A haulage boss accused of being linked to the deaths of 39 migrants tried to stop his mother "gossiping" after news of the tragedy broke, a court heard.
Caolan Gormley, 26, denied involvement in an unlawful immigration plot with his former boss Ronan Hughes and truck driver Christopher Kennedy.
Giving evidence on Tuesday, Mr Gormley told jurors he thought they were engaged in smuggling alcohol rather than humans.
The trial is ongoing at the Old Bailey.
Mr Gormley, of Caledon, County Tyrone, told of his "shock" and "total disbelief" when 39 Vietnamese men, women and children were found dead in one of Hughes's vehicles in Essex early on 23 October 2019.
He said he saw the breaking news on social media then someone sent him a photograph of the truck and trailer on WhatsApp, which he sent on to Kennedy. He then spoke to Hughes.
Mr Gormley said: "He called me the night before and I was returning the call. I remember when he answered he sounded different, panicked, making no sense at all. It was just mumbo jumbo."
At 15:46 on 23 October, Mr Gormley received a text from his mother asking if the truck in the news belonged to one of Hughes' brothers.
He replied: "Don't know and neither do u (sic)."
Asked to explain the message, Mr Gormley said: "My mother works in a doctors' surgery and is a bit of a gossip, and I didn't want her gossiping. Perhaps there would be repercussions for her."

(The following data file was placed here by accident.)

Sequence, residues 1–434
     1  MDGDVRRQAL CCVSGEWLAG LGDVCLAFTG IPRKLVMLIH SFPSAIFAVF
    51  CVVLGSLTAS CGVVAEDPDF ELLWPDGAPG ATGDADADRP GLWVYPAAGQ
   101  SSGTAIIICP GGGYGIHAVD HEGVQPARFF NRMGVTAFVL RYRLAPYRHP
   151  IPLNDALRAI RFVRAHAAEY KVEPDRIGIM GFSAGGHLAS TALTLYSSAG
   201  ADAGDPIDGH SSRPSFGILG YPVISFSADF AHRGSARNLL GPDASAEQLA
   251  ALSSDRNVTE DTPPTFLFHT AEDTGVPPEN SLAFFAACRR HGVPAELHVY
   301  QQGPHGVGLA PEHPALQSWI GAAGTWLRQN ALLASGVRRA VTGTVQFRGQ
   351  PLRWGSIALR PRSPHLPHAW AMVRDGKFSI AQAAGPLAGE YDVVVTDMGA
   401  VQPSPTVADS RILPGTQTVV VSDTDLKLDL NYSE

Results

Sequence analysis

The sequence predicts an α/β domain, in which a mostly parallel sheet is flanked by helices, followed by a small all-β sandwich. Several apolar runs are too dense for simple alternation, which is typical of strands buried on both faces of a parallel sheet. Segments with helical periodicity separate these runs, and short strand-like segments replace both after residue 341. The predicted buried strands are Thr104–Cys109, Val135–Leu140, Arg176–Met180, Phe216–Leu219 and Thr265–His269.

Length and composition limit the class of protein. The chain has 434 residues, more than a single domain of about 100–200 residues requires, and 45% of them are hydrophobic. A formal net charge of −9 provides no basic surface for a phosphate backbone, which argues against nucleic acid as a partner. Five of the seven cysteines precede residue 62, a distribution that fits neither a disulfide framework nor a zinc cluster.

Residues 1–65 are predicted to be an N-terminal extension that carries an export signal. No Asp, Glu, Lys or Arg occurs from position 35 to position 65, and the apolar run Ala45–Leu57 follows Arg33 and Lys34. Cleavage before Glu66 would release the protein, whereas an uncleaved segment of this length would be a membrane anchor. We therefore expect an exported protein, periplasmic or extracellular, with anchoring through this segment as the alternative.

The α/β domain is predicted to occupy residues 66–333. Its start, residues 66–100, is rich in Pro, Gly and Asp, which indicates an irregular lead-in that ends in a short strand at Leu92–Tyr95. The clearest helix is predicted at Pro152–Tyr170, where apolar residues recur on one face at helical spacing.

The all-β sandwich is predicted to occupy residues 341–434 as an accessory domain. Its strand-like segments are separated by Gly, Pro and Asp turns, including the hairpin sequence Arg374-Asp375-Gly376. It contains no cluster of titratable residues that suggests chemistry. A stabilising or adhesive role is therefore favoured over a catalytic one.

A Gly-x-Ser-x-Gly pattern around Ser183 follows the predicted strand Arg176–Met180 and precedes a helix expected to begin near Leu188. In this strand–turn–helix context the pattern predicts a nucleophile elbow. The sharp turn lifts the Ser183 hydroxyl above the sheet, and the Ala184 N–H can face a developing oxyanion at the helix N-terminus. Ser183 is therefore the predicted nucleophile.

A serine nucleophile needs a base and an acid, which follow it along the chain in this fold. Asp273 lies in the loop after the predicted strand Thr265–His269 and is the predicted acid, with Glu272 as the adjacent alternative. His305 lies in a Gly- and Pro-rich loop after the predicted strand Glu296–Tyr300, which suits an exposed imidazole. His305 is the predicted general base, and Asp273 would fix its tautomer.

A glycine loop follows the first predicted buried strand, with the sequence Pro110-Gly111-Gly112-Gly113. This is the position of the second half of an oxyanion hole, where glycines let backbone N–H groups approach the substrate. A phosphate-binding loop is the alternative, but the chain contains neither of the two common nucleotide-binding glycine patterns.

Defence barrister Stephan Alfred asked: "You thought it would be unsafe for her bandying names about?"
Mr Gormley replied: "I mean talking about that in general, you wouldn't want people going around talking about it."
He added that he never heard anything bad about any member of the Hughes family until the migrant deaths.
Mr Alfred suggested the tragedy had sent a "shockwave through the industry".
Mr Gormley said there was "total disbelief this had happened", adding: "I was just shocked, to be honest."
Jurors have been told that a number of individuals have already been convicted of their part in the people-smuggling operation.
Hughes and Romanian Gheorghe Nica were said to have been in charge of a network of drivers "willing and able" to take lorry loads of migrants to the UK.
Mr Gormley denies a single charge of conspiracy to assist unlawful immigration. The trial continues.